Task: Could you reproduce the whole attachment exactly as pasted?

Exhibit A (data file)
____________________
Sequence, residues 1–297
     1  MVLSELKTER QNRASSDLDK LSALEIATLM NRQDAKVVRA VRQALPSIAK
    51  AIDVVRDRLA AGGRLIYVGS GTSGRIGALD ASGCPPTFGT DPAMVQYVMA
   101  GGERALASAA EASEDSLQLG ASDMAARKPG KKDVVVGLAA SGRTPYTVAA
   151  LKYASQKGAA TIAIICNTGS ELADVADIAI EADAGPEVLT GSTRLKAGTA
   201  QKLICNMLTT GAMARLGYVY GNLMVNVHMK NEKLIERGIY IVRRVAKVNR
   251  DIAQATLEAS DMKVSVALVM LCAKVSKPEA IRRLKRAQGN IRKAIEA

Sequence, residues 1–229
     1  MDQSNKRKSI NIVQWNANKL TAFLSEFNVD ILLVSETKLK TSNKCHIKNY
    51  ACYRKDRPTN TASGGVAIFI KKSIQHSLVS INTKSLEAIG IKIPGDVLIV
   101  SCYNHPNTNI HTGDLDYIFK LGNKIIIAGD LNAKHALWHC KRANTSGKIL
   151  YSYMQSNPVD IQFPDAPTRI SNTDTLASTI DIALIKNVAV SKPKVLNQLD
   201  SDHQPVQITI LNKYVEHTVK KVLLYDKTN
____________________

Sequence, residues 1–297
     1  MVLSELKTER QNRASSDLDK LSALEIATLM NRQDAKVVRA VRQALPSIAK
    51  AIDVVRDRLA AGGRLIYVGS GTSGRIGALD ASGCPPTFGT DPAMVQYVMA
   101  GGERALASAA EASEDSLQLG ASDMAARKPG KKDVVVGLAA SGRTPYTVAA
   151  LKYASQKGAA TIAIICNTGS ELADVADIAI EADAGPEVLT GSTRLKAGTA
   201  QKLICNMLTT GAMARLGYVY GNLMVNVHMK NEKLIERGIY IVRRVAKVNR
   251  DIAQATLEAS DMKVSVALVM LCAKVSKPEA IRRLKRAQGN IRKAIEA

Sequence, residues 1–229
     1  MDQSNKRKSI NIVQWNANKL TAFLSEFNVD ILLVSETKLK TSNKCHIKNY
    51  ACYRKDRPTN TASGGVAIFI KKSIQHSLVS INTKSLEAIG IKIPGDVLIV
   101  SCYNHPNTNI HTGDLDYIFK LGNKIIIAGD LNAKHALWHC KRANTSGKIL
   151  YSYMQSNPVD IQFPDAPTRI SNTDTLASTI DIALIKNVAV SKPKVLNQLD
   201  SDHQPVQITI LNKYVEHTVK KVLLYDKTN